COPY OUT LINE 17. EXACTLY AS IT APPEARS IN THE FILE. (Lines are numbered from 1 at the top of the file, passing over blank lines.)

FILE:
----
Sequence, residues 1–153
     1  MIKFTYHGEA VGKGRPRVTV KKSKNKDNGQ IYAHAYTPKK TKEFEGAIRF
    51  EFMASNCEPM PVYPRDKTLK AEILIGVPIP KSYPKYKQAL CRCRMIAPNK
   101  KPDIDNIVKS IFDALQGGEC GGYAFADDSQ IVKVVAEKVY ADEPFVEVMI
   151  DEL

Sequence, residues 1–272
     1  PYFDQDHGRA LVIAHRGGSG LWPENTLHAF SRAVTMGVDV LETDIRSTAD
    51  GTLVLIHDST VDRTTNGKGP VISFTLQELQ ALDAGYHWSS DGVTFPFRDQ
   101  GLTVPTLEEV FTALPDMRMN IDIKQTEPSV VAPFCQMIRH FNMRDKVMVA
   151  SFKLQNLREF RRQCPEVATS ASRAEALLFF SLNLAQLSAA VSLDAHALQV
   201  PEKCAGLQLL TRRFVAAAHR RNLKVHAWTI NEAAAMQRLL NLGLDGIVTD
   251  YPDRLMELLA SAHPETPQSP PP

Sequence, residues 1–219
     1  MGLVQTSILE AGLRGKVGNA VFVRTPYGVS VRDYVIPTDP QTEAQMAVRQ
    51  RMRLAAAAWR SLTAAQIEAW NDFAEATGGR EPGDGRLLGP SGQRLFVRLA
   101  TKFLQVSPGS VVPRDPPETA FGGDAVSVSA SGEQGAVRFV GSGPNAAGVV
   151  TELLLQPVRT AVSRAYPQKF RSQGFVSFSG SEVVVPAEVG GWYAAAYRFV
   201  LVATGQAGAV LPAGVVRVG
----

   151  TELLLQPVRT AVSRAYPQKF RSQGFVSFSG SEVVVPAEVG GWYAAAYRFV